A few weeks back I wrote an article Getting started with SaltStack; that article covered Configuration and Package Automation with Saltstack. In Today’s article I am going to cover SaltStack’s Remote Execution abilities, a feature that I feel Saltstack has implemented better than other automation tools.
Running a command in a State If you remember from the previous article SaltStack’s states are permanent configurations. Adding a command in a Salt state is used when you want to have a command that is run after provisioning a server, run every time Salt manages the state of the system or run when certain conditions are true.
Systems Administration is changing, with the huge scale of internet company deployments and the popularity of cloud computing. Server deployments are often scaling faster than the systems administration teams supporting them. In order to meet the demand those teams are finding themselves changing the ways they have traditionally managed servers.
One of those changes is automation, where once a sysadmin would need to spend time installing packages by hand (via apt or yum) and modifying configuration files.
In the world of Cloud Servers and Virtual Machines scripting and automation are top priority for any sysadmin. Recently while I was creating a script that logged into another server via SSH to run arbitrary commands, I ran into a brick wall.
$ ssh 192.168.0.169 The authenticity of host ‘192.168.0.169 (192.168.0.169)’ can’t be established. ECDSA key fingerprint is 74:39:3b:09:43:57:ea:fb:12:18:45:0e:c6:55:bf:58. Are you sure you want to continue connecting (yes/no)? To anyone who has used SSH long enough the above message should look familiar.
Adding and Modifying Users and Groups is a core systems administration task. The act of adding a user and group is fairly easy however there are some tricks that help make the long-term management of users easier.
Tips for easier management Keep user attributes consistent amongst all systems A common mistake sysadmins make when building a new environment is they will allow uid’s, gid’s, home directories and other user attributes to be mis-matched from system to system.
Backups are important, whether you are backing up your databases or your wedding pictures. The loss of data can ruin your day. While there is a huge list of backup software to choose from; some good, some not so good. One of the tools that I have used for years is rdiff-backup.
rdiff-backup is a rsync delta based backup tool that both stores a full mirror and incremental changes. It determines changes based on the rsync method of creating small delta files, which allows for rdiff-backup to restore files to any point in time (within the specified retention period).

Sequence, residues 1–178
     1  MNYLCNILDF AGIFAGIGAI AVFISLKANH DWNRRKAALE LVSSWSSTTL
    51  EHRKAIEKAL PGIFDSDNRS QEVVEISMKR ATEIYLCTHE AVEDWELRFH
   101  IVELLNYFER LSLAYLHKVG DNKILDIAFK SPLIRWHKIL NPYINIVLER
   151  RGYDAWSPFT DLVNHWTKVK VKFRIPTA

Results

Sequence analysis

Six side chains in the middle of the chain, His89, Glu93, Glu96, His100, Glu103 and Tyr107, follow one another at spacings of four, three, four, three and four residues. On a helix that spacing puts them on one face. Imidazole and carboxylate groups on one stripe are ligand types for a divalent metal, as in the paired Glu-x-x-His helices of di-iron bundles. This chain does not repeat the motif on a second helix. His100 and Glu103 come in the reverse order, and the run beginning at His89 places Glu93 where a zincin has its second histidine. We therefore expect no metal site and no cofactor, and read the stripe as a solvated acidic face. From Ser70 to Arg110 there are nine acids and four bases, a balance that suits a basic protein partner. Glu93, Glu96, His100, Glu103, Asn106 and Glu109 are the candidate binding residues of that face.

Recently I was compiling a list of Linux commands that every sysadmin should know. One of the first commands that came to mind was nmap.
nmap is a powerful network scanner used to identify systems and services. nmap was originally developed with network security in mind, it is a tool that was designed to find vulnerabilities within a network. nmap is more than just a simple port scanner though, you can use nmap to find specific versions of services, certain OS types, or even find that pesky printer someone put on your network without telling you.
In a world where the Anonymous group is petitioning the US Government to make DDoS attacks a legal means of protest; For internet facing systems the threat of Denial of Service attacks are very real.
The cold harsh reality of DoS attacks are that there is no way to stop them. While there are services out there that are designed to take the brunt of the attack for you these costs a significant amount of money (update: CloudFlare seems pretty decent).
For today’s article I am going to explain how to create a basic firewall allow and deny filter list using the iptables package. We will be focused on creating a filtering rule-set for a basic everyday Linux web server running Web, FTP, SSH, MySQL, and DNS services.
Before we begin lets get an understanding of iptables and firewall filtering in general.
What is iptables? iptables is a package and kernel module for Linux that uses the netfilter hooks within the Linux kernel to provide filtering, network address translation, and packet mangling.
Zombies don’t just appear in scary movies anymore, sometimes they also appear on your Linux systems; but don’t fret they are mostly harmless.
What is a Zombie Process? Before we get started I wanted to first cover what exactly a Zombie process is.
Linux and Unix both have the ability for a process to create a sub process otherwise known as a “Child Process”. Once a process creates a new sub process the first process then becomes a “Parent Process” as it has spawned a child process during its execution.
Access Control Lists aka ACL’s are one of those obscure Linux tools that isn’t used every day; and if you find yourself using ACL’s every day than you probably have a very complicated Linux environment.
A few years ago I had an engineer tell me “Any thing you want to solve with ACL’s can be solved with standard unix permissions” and while he may have just been justifying why he didn’t know ACL’s very well.